After a rapid crash in 2008 to just over 6,400 on Inauguration Day 2009, the Dow Jones Industrial Average has nearly doubled, reaching 12,286 with intraday trading bringing it even higher.
In fact, the 52 week low was 9,614, and the high, 12,286. Yesterday, following the resignation of President Hosni Mubarak of Egypt, the market closed at 12,273, up 43.97 from the open.
While this meteoric rise may seem glorious for profit taking, it may well be the result of manipulated management by the Federal Reserve, intent on supporting the position that recovery is well underway. Meanwhile, in-depth analysis of US companies comprising the Dow Industrials shows that most did not produce greater revenues from US based sales and operations, but from operations and sales abroad. Further, most of them, if not all, cut jobs in the United States, producing greater yields but not greater profits, but better money management and by overall cost cutting.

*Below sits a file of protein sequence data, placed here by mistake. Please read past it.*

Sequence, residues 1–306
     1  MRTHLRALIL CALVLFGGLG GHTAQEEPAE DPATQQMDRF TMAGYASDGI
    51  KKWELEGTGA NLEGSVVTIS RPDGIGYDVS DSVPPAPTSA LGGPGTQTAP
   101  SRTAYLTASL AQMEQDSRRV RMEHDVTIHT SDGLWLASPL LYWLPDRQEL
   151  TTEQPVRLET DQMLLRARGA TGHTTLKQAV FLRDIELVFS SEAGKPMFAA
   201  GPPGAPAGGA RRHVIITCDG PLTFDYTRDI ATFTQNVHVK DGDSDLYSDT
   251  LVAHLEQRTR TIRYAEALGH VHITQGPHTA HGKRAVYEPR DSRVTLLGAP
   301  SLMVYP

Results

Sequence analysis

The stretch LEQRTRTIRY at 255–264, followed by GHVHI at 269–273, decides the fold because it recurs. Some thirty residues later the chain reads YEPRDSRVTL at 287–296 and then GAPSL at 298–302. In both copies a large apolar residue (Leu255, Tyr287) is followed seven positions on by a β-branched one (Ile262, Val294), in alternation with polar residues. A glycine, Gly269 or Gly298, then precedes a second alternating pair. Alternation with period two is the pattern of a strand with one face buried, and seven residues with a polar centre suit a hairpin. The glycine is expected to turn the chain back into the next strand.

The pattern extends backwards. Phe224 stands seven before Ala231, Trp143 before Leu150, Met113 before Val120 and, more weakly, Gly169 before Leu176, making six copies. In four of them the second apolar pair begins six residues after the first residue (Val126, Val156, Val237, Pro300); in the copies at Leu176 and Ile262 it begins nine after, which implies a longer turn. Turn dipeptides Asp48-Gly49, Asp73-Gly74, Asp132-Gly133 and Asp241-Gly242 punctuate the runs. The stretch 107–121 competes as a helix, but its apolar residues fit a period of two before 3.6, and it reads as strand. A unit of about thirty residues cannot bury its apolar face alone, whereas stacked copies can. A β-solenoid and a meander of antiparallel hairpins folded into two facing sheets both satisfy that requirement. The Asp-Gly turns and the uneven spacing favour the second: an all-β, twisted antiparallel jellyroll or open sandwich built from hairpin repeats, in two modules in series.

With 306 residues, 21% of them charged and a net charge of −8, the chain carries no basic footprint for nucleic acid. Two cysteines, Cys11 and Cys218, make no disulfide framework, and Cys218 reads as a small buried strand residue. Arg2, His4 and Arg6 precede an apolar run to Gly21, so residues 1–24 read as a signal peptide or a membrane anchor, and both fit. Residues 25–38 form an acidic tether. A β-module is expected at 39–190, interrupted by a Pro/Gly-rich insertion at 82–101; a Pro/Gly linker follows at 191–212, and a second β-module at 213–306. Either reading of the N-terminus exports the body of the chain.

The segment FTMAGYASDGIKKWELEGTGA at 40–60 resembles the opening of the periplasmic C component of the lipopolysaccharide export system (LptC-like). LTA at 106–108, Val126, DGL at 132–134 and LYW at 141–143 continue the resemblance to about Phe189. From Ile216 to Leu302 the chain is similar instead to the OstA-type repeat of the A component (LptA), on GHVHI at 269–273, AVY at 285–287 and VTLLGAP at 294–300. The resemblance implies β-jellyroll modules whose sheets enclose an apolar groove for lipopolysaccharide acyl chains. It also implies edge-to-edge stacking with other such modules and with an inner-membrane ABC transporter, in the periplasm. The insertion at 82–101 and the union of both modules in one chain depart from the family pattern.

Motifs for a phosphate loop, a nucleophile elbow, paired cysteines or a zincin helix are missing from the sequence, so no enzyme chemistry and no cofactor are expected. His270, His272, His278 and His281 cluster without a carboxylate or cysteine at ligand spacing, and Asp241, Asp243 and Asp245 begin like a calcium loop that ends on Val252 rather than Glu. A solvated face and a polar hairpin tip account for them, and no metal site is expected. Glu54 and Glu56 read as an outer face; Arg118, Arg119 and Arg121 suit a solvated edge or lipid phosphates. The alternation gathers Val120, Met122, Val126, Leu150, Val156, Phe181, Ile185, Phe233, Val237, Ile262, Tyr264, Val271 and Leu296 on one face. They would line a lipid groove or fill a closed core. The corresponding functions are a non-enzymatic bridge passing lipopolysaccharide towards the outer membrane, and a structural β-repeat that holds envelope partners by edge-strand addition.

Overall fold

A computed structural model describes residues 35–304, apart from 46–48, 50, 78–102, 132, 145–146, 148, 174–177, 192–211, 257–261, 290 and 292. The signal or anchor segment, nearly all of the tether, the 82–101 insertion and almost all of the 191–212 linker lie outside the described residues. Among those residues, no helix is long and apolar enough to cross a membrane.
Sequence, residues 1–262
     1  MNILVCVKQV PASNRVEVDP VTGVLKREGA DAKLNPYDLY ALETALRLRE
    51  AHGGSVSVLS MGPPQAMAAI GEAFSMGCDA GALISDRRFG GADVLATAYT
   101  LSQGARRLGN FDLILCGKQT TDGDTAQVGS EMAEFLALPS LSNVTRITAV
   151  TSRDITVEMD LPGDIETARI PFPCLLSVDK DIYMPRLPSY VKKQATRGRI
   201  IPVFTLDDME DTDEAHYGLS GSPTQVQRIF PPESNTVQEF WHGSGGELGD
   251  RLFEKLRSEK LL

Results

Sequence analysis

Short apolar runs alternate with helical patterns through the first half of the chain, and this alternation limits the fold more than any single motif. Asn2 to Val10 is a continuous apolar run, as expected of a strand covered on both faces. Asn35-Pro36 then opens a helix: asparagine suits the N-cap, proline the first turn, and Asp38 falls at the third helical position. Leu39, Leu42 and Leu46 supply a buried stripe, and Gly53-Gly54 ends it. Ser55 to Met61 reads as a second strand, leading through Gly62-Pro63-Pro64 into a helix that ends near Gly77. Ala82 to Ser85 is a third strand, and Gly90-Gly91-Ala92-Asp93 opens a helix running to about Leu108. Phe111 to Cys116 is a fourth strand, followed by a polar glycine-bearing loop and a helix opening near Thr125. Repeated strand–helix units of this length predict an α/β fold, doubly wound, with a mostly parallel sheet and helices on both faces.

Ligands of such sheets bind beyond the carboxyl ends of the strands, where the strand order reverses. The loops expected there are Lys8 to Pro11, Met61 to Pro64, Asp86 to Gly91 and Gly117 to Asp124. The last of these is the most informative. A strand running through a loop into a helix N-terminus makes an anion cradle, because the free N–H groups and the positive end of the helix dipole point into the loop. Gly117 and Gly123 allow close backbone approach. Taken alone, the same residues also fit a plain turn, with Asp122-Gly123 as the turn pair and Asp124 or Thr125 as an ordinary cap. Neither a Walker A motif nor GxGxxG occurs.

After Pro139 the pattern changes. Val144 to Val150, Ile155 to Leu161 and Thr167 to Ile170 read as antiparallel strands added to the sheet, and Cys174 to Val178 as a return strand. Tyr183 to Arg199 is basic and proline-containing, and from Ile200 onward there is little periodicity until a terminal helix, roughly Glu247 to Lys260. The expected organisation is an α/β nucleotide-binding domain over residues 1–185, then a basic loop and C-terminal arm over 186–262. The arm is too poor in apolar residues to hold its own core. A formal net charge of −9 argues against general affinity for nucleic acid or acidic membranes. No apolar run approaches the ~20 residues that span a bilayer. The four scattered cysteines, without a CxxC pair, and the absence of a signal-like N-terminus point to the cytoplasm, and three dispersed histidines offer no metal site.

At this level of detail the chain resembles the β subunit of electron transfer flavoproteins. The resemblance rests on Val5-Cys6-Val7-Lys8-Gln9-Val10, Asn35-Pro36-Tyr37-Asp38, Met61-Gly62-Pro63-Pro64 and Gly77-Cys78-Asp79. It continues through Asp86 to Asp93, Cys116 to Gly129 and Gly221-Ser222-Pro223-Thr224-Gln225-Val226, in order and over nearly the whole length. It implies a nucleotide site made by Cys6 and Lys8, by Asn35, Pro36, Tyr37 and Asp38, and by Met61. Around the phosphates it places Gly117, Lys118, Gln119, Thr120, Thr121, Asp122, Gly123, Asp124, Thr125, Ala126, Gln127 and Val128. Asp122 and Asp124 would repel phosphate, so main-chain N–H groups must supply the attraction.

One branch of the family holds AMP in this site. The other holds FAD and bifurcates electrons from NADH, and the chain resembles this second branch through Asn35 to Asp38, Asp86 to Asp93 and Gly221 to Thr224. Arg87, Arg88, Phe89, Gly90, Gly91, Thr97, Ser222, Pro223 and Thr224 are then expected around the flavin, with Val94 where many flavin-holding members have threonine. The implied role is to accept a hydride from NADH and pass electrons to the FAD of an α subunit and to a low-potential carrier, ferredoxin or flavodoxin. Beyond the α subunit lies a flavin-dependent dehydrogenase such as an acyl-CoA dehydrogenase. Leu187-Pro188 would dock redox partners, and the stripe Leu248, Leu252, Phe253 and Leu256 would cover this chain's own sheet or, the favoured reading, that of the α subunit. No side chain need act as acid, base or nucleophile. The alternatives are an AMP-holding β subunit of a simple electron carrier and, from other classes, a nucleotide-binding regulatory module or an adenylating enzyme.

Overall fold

This form of voodoo accounting shows considerably better yields to investors, but ultimately, may leave these companies vulnerable to all sorts of problems from hostile takeover targets to collapse if overseas markets dry up suddenly.
Meanwhile, a weakened dollar makes sales overseas easier for companies, and more costly for American companies to buy from overseas. Oddly, this was the same sort of thing that the 1930 Smoot-Hawley Act did which helped cause the Depression.
We are poised for a correction, but political uncertainty in 2011, the outcome of regime change in Egypt and other factors may weigh heavily on the Dow over the coming months. Before we reach a crisis point, the Dow may rise above it’s 2007 peak, exceeding 14,500. But when it crashes, and no government bail-outs are forthcoming, we may be in for a bumpy ride, with the risk that the United States Government itself may be forced into bankruptcy.
Is the Dow reaching such heights so fast such a good thing? Probably not, as it may not be sustainable or valued properly. Where should it be today? Probably in the range between 8,700 and 9,600, to be more fairly priced. Don’t be surprised if we see a drop so rapid and severe that its bottom may be below 6,000, if confidence in the markets is eroded.